It is more important to start your donor search with selection of the right sperm bank, before identifying donor characteristics. Arm yourself with this checklist of questions to begin the process.
In recent years, media reports, legal cases and support group discussions have brought to light issues that concern parents of donor-conceived children. Preconception counseling is not always offered to discuss these questions with prospective parents who are simply eager to have a child. No independent governing body supervises the industry. So it is up to you to investigate and consider questions such as:
- Are there restrictions on the number of times a sperm donor is allowed to donate? How many offspring are allowed per donor? How does the sperm bank keep track of the pregnancies per donor? How many offspring from your preferred donor have been born? How many are in your geographic area? (it is estimated that only 40 percent of births are reported by parents)
- Some offspring share conditions with others from the same donor that were not indicated in medical history forms, or reported to families. How is donor information verified? If a donor is determined to have medical history or a genetic disorder not yet known at time of donation, how is that reported? Would you be notified? How has that been handled in the past? If your child has a genetic condition not connected to you in the future, will other families who used the same donor be notified?
- Mistakes sometimes have been made. What precautions and steps are taken to be sure you receive the sperm you have requested?
For Your Child’s Sake
Think about what information you will want or need in a few years in order to answer your child’s natural questions and curiosity about the donor. For example, children will often ask:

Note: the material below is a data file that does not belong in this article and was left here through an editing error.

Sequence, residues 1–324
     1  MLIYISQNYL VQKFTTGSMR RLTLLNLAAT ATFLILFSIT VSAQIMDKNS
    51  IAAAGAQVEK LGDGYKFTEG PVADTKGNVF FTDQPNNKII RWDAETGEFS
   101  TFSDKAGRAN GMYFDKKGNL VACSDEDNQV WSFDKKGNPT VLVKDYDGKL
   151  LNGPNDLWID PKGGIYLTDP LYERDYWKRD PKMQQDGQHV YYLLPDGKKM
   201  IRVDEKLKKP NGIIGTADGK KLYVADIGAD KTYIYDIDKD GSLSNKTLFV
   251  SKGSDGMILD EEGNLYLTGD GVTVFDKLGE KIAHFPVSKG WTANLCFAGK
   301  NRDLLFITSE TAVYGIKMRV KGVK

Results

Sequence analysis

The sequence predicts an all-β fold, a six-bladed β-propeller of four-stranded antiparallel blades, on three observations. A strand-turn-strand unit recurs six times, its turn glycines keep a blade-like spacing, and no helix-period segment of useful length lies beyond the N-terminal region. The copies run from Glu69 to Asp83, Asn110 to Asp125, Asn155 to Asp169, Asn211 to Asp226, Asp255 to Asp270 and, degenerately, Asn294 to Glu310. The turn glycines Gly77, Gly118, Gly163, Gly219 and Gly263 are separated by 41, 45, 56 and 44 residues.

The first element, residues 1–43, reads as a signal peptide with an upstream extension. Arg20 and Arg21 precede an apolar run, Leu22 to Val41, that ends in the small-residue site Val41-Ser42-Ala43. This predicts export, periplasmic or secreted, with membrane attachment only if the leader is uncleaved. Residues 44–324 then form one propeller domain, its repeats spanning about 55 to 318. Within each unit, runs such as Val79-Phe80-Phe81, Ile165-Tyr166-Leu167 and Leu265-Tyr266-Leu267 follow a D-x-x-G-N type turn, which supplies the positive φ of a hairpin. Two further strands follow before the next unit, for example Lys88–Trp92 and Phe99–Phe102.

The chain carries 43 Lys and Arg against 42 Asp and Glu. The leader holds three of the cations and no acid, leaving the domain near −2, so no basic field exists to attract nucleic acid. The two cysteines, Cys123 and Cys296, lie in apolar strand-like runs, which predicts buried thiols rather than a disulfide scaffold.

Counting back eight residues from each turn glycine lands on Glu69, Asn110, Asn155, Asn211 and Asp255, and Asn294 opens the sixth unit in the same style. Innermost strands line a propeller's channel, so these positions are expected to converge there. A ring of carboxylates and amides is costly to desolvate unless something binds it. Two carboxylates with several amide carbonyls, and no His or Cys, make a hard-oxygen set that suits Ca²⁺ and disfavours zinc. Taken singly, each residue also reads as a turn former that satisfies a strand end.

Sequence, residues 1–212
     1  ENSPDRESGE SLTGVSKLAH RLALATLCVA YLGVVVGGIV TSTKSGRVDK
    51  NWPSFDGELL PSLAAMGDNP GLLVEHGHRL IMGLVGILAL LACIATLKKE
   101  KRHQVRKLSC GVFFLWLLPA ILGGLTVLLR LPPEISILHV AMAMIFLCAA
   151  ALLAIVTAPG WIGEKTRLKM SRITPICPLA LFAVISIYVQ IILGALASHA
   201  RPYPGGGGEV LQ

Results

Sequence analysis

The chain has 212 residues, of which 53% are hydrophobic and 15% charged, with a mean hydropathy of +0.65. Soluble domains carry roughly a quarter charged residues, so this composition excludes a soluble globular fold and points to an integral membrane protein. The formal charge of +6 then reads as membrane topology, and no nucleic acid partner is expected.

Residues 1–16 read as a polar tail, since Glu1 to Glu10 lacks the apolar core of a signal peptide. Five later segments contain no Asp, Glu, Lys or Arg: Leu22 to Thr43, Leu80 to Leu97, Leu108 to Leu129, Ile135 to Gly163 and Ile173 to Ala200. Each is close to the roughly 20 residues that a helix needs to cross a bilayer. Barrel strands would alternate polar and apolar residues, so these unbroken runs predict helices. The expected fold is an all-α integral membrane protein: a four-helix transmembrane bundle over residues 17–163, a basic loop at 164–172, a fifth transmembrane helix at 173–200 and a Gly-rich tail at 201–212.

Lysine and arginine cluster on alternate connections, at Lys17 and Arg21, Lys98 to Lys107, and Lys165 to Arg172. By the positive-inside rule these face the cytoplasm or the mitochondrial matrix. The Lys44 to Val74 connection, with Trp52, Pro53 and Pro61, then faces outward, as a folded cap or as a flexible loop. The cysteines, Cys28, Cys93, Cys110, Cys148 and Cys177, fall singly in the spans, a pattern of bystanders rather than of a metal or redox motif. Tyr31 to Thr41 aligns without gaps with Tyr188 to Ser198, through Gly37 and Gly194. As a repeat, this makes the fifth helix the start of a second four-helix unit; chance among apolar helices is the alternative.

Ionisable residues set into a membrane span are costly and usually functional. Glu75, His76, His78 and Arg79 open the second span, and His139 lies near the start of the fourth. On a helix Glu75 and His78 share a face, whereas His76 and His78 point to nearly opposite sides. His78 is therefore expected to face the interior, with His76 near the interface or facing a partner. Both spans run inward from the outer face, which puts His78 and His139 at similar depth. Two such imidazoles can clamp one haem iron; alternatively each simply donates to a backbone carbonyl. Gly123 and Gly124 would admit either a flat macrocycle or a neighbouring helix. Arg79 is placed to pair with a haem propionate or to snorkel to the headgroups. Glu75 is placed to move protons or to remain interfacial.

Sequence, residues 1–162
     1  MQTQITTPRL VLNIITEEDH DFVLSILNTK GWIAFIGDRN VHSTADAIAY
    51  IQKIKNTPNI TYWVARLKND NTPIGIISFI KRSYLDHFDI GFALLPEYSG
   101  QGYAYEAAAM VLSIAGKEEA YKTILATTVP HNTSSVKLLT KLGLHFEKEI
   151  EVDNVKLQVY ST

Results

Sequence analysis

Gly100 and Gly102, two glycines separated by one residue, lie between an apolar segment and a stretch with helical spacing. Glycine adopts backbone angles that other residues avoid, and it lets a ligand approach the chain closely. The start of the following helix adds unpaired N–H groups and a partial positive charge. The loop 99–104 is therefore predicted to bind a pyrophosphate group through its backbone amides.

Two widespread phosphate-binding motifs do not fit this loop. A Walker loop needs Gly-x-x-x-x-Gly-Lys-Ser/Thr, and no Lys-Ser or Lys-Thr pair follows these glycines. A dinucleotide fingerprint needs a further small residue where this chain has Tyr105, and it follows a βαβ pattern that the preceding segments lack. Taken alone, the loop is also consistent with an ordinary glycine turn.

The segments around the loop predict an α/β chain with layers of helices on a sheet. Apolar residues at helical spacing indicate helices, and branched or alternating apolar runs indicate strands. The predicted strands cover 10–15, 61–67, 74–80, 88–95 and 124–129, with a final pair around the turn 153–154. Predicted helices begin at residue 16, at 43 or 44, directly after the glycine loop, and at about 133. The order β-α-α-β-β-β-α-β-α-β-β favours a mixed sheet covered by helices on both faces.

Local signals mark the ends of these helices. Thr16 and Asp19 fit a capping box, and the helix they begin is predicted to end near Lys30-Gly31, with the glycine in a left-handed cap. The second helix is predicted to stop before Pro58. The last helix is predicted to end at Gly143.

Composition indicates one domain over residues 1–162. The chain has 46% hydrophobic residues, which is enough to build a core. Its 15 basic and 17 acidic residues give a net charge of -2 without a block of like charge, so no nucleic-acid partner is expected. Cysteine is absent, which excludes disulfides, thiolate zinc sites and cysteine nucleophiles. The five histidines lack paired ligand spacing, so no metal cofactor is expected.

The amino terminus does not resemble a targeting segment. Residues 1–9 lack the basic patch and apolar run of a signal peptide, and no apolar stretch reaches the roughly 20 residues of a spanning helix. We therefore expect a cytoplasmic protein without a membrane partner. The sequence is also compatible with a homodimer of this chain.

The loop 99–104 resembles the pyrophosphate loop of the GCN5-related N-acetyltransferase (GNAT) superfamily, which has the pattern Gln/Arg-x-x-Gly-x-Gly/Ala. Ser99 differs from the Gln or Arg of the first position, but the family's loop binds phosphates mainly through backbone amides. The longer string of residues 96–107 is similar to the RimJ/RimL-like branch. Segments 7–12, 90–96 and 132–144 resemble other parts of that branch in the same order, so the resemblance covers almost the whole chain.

- What the donor is like;
- What he looks like (will you receive a photo?);
- Why you chose this particular donor;
- If they can meet the donor;
- What the donor’s life is like now;
- What the donor’s family is like;
- Are there any health issues the child/adult needs to be aware of?
If you are using an anonymous donor:
- What information is available about the donor and his parents to use in selecting a donor? What information about other relatives?
- Are records kept? For how long?
- Are medical records updated? How?
- Is non-identifying information available to my child upon reaching the age of maturity (e.g., age 18), or earlier with parental consent?
- How do you retain contact with the donor over time?
If you are using an open-identity donor:
- Is identifying information available to my child upon reaching the age of maturity (e.g., age 18), or earlier if needed for medical emergencies?
- How is the information kept? How do you retain contact over time?
- What if your facility closes? How will the child be able to access this information about the donor in the future?
- Do you facilitate the first contact with the donor? How?
- How is sperm shipped?
- Can it be shipped directly to me for home insemination or must it be shipped to a physician?
- Can extra sperm be stored for possible use later for another child? How long can it be stored?
- How many vials are suggested?
- What is the cost per vial of sperm?
- What is the cost to store sperm?
- If motility, morphology, or count of the sperm is inadequate after thawing, what is the bank’s policy?
- What criteria are required of your donors? Are there education standards? Age limits?
- Does the sperm bank have a selection of donors of the racial, ethnic, religious, educational, etc. background you are looking for?
- Does the sperm bank work with parents in alternative lifestyles?
- Is a cryopreservation tank available to store sperm for future cycles?
My thanks to Dr. Joann Paley Galst for helping to compile this list. She is a past chairperson of the Mental Health Professional Group of the American Society for Reproductive Medicine. She is available for brief phone consultations at (212) 759-2783. See also the “Questions to Ask Series” produced by RESOLVE: About Donor Sperm Insemination Programs and Sperm Banks (#8), by Diane Clapp, BSN, RN, Medical Information Director